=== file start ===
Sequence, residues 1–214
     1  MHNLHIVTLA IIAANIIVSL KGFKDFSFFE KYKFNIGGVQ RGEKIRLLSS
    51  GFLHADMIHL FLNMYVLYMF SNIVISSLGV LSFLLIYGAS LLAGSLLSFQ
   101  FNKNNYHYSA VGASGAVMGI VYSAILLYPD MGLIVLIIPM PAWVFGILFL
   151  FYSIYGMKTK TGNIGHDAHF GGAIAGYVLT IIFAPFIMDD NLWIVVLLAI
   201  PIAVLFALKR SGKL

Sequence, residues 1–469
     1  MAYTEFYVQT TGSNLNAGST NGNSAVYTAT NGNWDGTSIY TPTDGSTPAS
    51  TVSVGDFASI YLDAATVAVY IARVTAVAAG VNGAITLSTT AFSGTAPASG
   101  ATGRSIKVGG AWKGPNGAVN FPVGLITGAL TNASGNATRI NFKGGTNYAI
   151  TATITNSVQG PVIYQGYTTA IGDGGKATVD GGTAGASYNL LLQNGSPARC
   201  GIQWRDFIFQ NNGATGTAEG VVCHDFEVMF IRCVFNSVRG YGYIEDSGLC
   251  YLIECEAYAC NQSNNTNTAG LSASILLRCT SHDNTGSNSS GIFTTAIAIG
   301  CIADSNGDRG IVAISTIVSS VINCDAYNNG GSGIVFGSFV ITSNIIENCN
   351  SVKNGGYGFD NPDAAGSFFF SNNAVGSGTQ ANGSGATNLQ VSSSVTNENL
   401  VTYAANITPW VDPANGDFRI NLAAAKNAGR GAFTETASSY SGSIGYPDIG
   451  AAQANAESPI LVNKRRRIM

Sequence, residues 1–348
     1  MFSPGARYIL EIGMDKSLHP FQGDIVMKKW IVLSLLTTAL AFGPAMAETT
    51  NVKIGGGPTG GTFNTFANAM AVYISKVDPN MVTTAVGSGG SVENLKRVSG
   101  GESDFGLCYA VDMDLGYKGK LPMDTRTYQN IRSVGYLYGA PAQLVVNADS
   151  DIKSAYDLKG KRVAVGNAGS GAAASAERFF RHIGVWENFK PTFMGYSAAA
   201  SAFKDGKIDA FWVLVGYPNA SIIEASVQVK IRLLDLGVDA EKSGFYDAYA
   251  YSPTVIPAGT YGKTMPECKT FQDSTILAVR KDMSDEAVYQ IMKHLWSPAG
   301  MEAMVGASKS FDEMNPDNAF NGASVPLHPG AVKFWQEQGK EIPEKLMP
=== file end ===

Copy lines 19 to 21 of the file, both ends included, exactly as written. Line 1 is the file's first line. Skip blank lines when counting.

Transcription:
     1  MFSPGARYIL EIGMDKSLHP FQGDIVMKKW IVLSLLTTAL AFGPAMAETT
    51  NVKIGGGPTG GTFNTFANAM AVYISKVDPN MVTTAVGSGG SVENLKRVSG
   101  GESDFGLCYA VDMDLGYKGK LPMDTRTYQN IRSVGYLYGA PAQLVVNADS